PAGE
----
MOSCOW, October 30 (RIA Novosti) – A state commission Wednesday issued a draft outline for a line of unified history textbooks to be published in Russia on the Kremlin’s order.
The draft will be filed Thursday with President Vladimir Putin, who ordered its creation last February, said a spokesman for the Russian Historical Society.
A state tender will then be announced for writing textbooks based on the outline, though it remained unclear whether they will be ready in time for the new academic year in September 2014.
More than 100 history textbooks are currently certified for use in Russian schools.
Putin’s order for a unified textbook outline prompted speculation that the Kremlin wants more propaganda in schools, possibly to justify its own authoritarian tendencies.
However, historians and political experts previously interviewed by RIA Novosti denied this, saying the Kremlin had no single vision of history and did not want to stir up any controversy by radical revisions of Russia’s past.
The final draft raised some questions, particularly over the omission of anti-Kremlin tycoons Mikhail Khodorkovsky and Boris Berezovsky from the mandatory list of names to know in the section on post-Soviet history.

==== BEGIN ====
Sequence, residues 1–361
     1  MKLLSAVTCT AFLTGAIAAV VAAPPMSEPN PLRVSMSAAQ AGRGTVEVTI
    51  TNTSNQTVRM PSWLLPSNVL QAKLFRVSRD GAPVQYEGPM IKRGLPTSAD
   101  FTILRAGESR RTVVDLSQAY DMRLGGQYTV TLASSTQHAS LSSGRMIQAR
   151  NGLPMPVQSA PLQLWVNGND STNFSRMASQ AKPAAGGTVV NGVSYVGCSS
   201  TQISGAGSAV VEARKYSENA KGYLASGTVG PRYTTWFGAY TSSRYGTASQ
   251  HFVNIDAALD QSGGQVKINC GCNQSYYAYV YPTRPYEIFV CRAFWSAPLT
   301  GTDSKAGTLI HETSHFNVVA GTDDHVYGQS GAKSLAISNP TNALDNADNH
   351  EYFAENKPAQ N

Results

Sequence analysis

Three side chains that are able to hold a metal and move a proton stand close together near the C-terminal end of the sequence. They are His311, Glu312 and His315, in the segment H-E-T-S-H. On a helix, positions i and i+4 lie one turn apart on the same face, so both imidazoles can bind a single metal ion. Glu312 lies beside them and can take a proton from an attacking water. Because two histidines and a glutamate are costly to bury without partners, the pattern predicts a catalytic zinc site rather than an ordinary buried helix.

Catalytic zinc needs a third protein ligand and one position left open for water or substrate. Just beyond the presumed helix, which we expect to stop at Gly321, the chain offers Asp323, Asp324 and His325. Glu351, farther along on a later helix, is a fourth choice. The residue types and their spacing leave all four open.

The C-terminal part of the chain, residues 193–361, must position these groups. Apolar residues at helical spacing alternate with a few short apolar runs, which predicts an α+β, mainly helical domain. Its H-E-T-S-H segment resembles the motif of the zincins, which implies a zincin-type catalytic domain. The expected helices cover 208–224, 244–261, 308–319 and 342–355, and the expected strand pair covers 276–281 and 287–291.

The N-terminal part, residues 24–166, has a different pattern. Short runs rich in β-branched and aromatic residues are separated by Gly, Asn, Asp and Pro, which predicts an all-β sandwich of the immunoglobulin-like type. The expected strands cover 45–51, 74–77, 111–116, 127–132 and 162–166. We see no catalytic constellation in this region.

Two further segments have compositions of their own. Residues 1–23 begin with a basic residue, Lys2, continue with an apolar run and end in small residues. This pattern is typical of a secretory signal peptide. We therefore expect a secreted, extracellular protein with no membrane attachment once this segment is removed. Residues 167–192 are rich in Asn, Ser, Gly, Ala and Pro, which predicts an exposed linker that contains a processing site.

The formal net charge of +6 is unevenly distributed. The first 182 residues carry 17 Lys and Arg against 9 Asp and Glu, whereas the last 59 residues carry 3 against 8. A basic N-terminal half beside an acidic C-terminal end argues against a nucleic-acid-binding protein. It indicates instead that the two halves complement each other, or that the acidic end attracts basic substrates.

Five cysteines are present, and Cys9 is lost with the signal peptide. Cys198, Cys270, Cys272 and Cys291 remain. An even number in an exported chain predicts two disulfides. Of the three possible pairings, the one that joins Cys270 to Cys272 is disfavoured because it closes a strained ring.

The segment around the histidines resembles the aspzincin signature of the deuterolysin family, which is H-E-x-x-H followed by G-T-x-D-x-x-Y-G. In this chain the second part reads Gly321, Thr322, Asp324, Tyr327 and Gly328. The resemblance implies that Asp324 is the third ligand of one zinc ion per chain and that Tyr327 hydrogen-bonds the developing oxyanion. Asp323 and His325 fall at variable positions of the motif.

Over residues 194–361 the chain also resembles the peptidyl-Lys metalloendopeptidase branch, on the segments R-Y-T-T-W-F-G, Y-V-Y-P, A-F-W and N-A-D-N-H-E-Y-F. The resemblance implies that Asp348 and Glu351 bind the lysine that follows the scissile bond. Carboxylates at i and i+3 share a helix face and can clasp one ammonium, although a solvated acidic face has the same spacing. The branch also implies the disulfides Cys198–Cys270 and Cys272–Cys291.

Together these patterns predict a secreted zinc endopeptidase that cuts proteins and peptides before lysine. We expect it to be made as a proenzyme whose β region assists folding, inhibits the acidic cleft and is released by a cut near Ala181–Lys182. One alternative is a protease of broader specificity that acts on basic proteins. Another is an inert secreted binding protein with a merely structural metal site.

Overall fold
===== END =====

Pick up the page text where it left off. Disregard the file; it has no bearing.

But on the whole, the outline offered no significant revision of the existing curricula in Russian secondary and high schools.
The 80-page document focused on Russia’s similarities and differences with Europe in pre-revolutionary times, dwelled on Stalinist repression and mentioned the strategic failures of the postwar Soviet leadership. World War II, a staple of state ideology to this day, remains a major topic.
Post-Soviet history, while included, is the only section that came largely without policy analysis.
The draft also offered a list of 20 topics formally recognized as controversial and allowing for different interpretations at the teacher’s discretion.
The topics range from the Norsemen’s place in the creation of the Russian state to the role of Stalin, the costs of World War II and political and economic situation in the country in the 2000s.
The Russian government and society as a whole is sensitive to the portrayal of the nation’s often tragic and violent history.
In August 2009, then-President Dmitry Medvedev proposed introducing a standard history textbook in an apparent bid to head off controversial interpretations of Russia’s past.
In recent years, a number of British and American historians have caused uproar in Russia with claims that the Red Army committed mass atrocities in World War II, notably Antony Beevor’s 2002 book “Berlin.”
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